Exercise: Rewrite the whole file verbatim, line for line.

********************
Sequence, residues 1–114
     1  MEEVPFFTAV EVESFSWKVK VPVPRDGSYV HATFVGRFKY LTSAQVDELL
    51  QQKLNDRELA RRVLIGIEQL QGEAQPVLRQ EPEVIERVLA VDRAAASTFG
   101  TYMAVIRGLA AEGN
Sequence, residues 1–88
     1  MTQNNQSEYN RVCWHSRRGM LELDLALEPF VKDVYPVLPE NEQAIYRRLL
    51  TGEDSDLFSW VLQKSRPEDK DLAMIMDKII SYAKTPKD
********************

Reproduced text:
Sequence, residues 1–114
     1  MEEVPFFTAV EVESFSWKVK VPVPRDGSYV HATFVGRFKY LTSAQVDELL
    51  QQKLNDRELA RRVLIGIEQL QGEAQPVLRQ EPEVIERVLA VDRAAASTFG
   101  TYMAVIRGLA AEGN
Sequence, residues 1–88
     1  MTQNNQSEYN RVCWHSRRGM LELDLALEPF VKDVYPVLPE NEQAIYRRLL
    51  TGEDSDLFSW VLQKSRPEDK DLAMIMDKII SYAKTPKD